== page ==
Advertisement
UK markets closed
  • FTSE 100

    8,237.72
    -34.74 (-0.42%)
     
  • FTSE 250

    20,442.35
    -56.37 (-0.27%)
     
  • AIM

    772.57
    +0.19 (+0.02%)
     
  • GBP/EUR

    1.1822
    +0.0000 (+0.00%)
     
  • GBP/USD

    1.2645
    -0.0015 (-0.12%)
     
  • Bitcoin GBP

    50,780.29
    -339.16 (-0.66%)
     
  • CMC Crypto 200

    1,327.37
    -32.95 (-2.42%)
     
  • S&P 500

    5,464.62
    -8.55 (-0.16%)
     
  • DOW

    39,150.33
    +15.57 (+0.04%)
     
  • CRUDE OIL

    82.34
    +0.17 (+0.21%)
     
  • GOLD FUTURES

    2,334.70
    -34.30 (-1.45%)
     
  • NIKKEI 225

    38,596.47
    -36.55 (-0.09%)
     
  • HANG SENG

    18,028.52
    -306.80 (-1.67%)
     
  • DAX

    18,163.52
    -90.66 (-0.50%)
     
  • CAC 40

    7,628.57
    -42.77 (-0.56%)
     

Suriname prepares for its first offshore oil project that is expected to ease deep poverty

PARAMARIBO, Suriname (AP) — Suriname for the first time in its history will see offshore oil drilling in its waters after French company TotalEnergies on Wednesday announced a $9 billion project expected to boost the impoverished country’s economy and ease austerity measures imposed by the International Monetary Fund.

CEO Patrick Pouyanné said previous exploration suggests the two sites where the company would drill could yield close to 700 million barrels, with first production expected by late 2028. TotalEnergies is the operator of the oil block and equal partner with Texas-based APA Corp., an energy company.

The announcement was celebrated by Suriname President Chan Santokhi, who pledged that the people of the South American country would benefit from the investment.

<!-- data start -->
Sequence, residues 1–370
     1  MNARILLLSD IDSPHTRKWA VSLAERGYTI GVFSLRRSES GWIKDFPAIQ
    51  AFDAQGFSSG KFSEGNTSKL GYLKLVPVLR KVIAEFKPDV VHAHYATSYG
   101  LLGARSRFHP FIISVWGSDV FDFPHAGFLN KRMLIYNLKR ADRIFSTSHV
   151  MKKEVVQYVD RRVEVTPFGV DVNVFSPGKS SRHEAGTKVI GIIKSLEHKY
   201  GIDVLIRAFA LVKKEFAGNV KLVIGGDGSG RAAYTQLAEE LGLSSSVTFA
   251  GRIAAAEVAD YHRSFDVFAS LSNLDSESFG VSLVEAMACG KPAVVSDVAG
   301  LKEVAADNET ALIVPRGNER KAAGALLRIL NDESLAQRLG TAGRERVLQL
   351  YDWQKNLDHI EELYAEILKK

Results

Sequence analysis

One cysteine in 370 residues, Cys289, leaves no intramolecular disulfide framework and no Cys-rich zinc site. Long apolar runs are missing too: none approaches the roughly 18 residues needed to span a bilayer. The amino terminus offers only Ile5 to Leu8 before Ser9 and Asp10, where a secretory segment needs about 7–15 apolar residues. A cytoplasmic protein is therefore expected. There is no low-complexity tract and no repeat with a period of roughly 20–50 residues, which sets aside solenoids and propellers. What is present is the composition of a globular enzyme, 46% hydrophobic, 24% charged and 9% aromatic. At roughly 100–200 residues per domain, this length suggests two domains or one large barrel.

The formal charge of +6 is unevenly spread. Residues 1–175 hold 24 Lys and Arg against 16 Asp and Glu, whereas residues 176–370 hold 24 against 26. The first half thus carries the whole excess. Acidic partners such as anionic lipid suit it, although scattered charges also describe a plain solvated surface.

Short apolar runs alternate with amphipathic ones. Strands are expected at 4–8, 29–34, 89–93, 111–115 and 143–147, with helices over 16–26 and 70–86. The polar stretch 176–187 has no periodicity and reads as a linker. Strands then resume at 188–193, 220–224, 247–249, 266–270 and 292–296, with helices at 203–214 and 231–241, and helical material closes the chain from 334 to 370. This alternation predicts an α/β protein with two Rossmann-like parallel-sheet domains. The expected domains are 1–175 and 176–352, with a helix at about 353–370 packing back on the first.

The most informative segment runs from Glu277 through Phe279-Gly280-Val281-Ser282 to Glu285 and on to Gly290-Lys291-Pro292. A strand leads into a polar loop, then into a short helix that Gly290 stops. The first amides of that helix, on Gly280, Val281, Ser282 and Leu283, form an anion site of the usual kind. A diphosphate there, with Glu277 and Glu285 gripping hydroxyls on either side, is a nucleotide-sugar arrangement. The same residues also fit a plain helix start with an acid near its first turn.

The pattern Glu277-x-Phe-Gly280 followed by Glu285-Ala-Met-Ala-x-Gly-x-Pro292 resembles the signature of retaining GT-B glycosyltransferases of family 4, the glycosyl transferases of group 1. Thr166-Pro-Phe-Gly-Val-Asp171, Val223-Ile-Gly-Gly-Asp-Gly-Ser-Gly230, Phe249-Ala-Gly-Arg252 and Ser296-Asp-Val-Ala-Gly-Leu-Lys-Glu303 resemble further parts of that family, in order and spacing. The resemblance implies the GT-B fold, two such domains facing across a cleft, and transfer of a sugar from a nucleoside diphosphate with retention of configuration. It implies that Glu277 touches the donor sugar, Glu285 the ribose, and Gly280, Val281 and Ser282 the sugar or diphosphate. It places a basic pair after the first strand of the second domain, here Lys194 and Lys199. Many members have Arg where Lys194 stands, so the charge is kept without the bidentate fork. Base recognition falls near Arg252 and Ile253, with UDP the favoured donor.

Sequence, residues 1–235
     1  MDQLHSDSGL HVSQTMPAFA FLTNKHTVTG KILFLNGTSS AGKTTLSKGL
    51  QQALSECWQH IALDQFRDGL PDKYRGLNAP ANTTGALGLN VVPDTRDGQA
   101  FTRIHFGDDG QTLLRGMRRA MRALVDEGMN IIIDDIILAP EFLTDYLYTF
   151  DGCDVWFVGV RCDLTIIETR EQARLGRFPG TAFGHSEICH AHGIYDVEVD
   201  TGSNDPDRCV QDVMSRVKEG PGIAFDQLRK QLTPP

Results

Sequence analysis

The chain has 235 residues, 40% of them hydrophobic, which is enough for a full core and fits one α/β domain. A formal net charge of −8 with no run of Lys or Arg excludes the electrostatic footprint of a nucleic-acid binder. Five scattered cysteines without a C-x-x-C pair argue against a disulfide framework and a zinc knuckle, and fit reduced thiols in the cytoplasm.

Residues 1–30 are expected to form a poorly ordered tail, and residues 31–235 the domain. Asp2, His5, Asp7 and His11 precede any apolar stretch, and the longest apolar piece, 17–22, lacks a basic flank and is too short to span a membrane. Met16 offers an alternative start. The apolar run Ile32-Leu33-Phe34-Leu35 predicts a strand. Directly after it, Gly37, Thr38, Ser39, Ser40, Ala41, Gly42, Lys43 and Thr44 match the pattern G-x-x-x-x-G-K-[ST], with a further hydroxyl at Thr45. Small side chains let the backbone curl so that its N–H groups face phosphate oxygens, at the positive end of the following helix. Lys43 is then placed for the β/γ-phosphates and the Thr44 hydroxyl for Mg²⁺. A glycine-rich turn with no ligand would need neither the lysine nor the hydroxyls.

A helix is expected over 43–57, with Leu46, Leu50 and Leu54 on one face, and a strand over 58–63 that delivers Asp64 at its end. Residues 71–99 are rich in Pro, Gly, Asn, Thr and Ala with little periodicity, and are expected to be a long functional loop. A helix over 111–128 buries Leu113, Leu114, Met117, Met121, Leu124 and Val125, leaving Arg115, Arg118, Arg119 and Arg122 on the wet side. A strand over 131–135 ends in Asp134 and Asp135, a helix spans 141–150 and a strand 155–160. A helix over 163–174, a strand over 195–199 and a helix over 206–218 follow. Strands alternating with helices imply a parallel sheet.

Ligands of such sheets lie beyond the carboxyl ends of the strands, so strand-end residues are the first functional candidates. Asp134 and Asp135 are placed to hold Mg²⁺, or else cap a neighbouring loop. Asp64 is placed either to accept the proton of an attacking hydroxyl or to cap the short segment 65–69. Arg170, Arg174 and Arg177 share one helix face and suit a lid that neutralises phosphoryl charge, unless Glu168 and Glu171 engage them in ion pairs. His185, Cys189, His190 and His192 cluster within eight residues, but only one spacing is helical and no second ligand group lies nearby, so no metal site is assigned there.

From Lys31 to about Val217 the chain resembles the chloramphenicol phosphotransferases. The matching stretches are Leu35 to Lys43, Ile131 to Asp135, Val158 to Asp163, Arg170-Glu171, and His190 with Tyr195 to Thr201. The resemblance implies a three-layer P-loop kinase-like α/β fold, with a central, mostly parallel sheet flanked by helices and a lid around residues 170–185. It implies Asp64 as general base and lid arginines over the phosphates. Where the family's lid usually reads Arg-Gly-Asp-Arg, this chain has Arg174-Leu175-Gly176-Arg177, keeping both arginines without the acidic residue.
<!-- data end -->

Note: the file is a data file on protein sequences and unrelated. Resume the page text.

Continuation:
“Suriname is going through a challenging economic period,” he said. “This announcement provides the much-needed outlook toward positive developments for our nation.”

ADVERTISEMENT

About 70% of the country’s roughly 640,000 inhabitants live below the poverty line and are struggling with an inflation rate that has risen 60% in the past year.

In February, protesters stormed Suriname’s Parliament to decry the end of government subsidies that sparked a rise in the cost of power, fuel and water. Demonstrators in March once again took to the streets and demanded that Santokhi resign.

Annand Jagesar, CEO of the state-owned Staatsolie oil company that produces some 17,000 barrels a day from on-shore drilling, praised the upcoming deep-water project.

“This development, aided by good governance, should lift Suriname to a stage where poverty is totally eradicated,” he said.

Pouyanné said the company expects to extract some 200,000 barrels of oil a day.

“TotalEnergies is committed to the authorities of Suriname to develop this project in a responsible manner, both by ensuring benefits in terms of job creation and economic activities for Suriname and by using the best available technologies to minimize greenhouse gas emissions,” the company said in a statement.

The waters off Suriname and neighboring Guyana are believed to be rich in gas and oil deposits.

Guyana, which has become one of world's biggest offshore oil producers, opened bids for additional oil blocks late Tuesday.